• E.g. if data is inserted to/deleted from the file

      • Or free blocks on disk are scattered, and newly created file has its blocks scattered over the disk

      • Sequential access to a fragmented file results in increased disk arm movement

    • Some systems have utilities to defragment the file system, in order to speed up file access

Optimization of disk block access2

Optimization of Disk Block Access

  • Nonvolatile write buffers speed up disk writes by writing blocks to a non-volatile RAM buffer immediately

    • Non-volatile RAM: battery backed up RAM or flash memory

      • Even if power fails, the data is safe and will be written to disk when power returns

    • Controller then writes to disk whenever the disk has no other requests or request has been pending for some time

    • Database operations that require data to be safely stored before continuing can continue without waiting for data to be written to disk

    • Writes can be reordered to minimize disk arm movement

  • Log disk – a disk devoted to writing a sequential log of block updates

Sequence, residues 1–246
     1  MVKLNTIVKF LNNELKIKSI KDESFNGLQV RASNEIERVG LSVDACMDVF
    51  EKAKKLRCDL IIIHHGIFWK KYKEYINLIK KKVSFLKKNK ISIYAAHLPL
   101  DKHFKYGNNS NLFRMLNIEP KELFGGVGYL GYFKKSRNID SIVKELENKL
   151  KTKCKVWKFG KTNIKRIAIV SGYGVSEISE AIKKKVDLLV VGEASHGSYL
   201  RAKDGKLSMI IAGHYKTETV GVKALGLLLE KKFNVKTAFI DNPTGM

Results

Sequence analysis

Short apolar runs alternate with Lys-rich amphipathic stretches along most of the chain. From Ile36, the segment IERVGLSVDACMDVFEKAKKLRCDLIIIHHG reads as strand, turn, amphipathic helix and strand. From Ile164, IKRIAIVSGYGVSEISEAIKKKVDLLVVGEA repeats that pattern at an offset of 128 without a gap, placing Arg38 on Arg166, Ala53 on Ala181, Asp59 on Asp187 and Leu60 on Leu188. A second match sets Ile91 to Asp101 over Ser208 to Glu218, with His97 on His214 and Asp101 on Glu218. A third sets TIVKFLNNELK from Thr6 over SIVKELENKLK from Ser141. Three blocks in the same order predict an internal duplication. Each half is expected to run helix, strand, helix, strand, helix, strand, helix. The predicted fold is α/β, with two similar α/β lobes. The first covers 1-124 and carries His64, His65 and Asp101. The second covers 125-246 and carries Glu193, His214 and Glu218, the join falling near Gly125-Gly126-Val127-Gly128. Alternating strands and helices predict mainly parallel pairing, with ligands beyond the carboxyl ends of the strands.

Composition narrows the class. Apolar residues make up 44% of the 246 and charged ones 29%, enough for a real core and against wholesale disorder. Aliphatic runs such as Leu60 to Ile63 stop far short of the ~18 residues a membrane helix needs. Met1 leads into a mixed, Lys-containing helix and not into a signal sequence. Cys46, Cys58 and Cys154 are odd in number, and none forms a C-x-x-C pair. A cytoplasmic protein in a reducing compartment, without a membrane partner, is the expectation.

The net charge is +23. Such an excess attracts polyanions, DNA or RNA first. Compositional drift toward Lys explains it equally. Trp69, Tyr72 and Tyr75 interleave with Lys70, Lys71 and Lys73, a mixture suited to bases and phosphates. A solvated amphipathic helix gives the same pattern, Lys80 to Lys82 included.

• Used exactly like nonvolatile RAM

      • Write to log disk is very fast since no seeks are required

      • No need for special hardware (NV-RAM)

  • File systems typically reorder writes to disk to improve performance

    • Journaling file systemswrite data in safe order to NV-RAM or log disk

    • Reordering without journaling: risk of corruption of file system data

Data representation

Data representation



  • How do we represent

    • Datatypes as fields

    • Fixed/variable tuples

    • Records into blocks

    • Relation as collection of blocks (file)

  • How do we handle Database modifications when record size changes

File organization

File Organization

  • The database is stored as a collection of files. Each file is a sequence of records. A record is a sequence of fields.

  • One approach:

    • assume record size is fixed

    • each file has records of one particular type only

    • different files are used for different relations



  • Fixed and variable length records

  • Records contain fields which have values of a particular type

    • E.g., amount, date, time, age

  • Fields themselves may be fixed length or variable length

  • Variable length fields can be mixed into one record:

    • Separator characters or length fields are needed so that the record can be “parsed.”

Representing datatypes

Representing DataTypes

  • Fixed length Character String: CHAR(n)

    • Using special ‘Pad’ Character

  • Variable length Character String: VARCHAR(n)